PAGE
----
Even though I have a face for radio, there is a UStream channel where you can watch the broadcast, if you so desire. Check it out here.  

And if you're so inclined, follow along on Twitter at #narn or "Like" our Facebook page.

Until then.....

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Saturday, September 13, 2014

Shining the light on an everyday problem

In this country, the abuse of women and children is, sadly, not news. It's estimated that 1.3 million women are victims of physical assault by an intimate partner each year. And per an organization called ChildHelp, there are more than 3 million reports of child abuse involving approximately 6 million children.

Unfortunately these issues seemed to gain their just due only because of two high profile instances week this past involving the NFL. I wrote about the Ray Rice saga earlier this week, and how an in-elevator video was finally released to the public. It showed Rice delivering a literal knockout punch to his then fiancee. Rice's employer, the Baltimore Ravens, quickly terminated his contract upon the video going viral and the NFL upped his suspension from a paltry 2 games to an indefinite period of time.

Just when one began to think there couldn't be anything more disturbing than the Rice saga, we hear a story of a 4-year old boy suffering terrible injuries at the hands of his NFL father.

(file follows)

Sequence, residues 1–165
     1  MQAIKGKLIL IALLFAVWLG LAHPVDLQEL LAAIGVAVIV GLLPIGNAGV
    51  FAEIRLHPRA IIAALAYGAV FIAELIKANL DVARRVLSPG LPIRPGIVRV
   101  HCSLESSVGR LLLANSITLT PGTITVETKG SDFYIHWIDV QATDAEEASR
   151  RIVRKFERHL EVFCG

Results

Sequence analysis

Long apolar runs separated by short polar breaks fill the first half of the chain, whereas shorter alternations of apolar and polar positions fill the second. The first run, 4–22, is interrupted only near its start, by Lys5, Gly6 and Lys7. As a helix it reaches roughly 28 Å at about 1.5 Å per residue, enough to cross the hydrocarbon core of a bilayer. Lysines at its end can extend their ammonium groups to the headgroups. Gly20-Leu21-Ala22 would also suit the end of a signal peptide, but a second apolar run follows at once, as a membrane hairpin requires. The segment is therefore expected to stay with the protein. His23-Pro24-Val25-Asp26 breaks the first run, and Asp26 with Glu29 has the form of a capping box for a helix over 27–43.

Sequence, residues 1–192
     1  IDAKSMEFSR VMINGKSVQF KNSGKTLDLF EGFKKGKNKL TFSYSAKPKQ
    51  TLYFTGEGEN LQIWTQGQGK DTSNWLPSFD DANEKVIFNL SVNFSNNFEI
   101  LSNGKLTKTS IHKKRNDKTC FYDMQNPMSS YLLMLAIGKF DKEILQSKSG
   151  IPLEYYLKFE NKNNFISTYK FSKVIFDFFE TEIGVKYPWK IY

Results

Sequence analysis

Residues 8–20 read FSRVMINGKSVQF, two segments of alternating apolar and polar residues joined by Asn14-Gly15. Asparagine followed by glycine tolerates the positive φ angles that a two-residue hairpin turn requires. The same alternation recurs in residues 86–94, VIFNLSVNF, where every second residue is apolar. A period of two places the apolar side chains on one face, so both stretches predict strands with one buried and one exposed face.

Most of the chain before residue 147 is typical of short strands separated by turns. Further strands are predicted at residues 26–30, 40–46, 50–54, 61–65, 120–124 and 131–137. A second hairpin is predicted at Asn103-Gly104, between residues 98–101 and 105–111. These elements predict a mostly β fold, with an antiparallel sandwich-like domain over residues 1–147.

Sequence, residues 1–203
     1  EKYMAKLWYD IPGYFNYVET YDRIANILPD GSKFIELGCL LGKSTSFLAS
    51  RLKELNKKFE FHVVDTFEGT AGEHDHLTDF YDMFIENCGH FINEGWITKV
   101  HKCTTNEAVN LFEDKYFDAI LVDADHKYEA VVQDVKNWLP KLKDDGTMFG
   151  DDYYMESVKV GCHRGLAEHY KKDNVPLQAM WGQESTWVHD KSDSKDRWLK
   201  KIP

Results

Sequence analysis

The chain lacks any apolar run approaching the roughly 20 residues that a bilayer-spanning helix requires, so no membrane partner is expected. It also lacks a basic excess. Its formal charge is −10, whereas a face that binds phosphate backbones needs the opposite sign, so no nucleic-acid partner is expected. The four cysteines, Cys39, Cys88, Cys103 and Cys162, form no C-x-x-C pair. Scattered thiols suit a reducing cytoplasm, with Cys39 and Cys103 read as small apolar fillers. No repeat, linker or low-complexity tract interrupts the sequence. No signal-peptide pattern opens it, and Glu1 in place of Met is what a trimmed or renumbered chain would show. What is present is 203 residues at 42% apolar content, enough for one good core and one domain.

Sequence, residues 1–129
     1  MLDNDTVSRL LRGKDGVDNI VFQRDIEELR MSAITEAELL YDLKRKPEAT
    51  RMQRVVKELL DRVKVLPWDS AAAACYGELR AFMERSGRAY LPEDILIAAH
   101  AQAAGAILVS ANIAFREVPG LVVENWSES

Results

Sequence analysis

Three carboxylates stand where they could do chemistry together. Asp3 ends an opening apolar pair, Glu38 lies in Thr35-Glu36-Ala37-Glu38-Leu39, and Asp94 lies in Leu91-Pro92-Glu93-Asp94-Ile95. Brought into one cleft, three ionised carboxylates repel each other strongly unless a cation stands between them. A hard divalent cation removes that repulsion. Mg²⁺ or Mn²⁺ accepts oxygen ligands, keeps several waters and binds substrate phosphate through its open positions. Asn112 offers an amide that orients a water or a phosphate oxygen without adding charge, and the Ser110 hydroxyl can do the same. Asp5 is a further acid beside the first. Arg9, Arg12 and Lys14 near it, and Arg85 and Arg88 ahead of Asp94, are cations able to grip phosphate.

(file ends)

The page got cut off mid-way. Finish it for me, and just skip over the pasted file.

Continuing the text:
Minnesota Vikings star running back Adrian Peterson has been indicted by a Montgomery County, Texas, grand jury on charges of reckless or negligent injury to a child and a warrant has been issued for his arrest. The team deactivated him for Sunday's home game against the Patriots.

Peterson's attorney, Rusty Hardin, told ESPN.com in a text that Peterson "certainly will" surrender to authorities.

Hardin issued a statement Friday saying his client's conduct "involves using a switch to spank his son." According to a report by Sports Radio 610 in Houston, Peterson removed the leaves of a tree branch, which he referred to in a police report as "a switch," to strike the child.

"This indictment follows Adrian's full cooperation with authorities who have been looking into this matter. Adrian is a loving father who used his judgment as a parent to discipline his son," Hardin said in his statement. "He used the same kind of discipline with his child that he experienced as a child growing up in east Texas. Adrian has never hidden from what happened."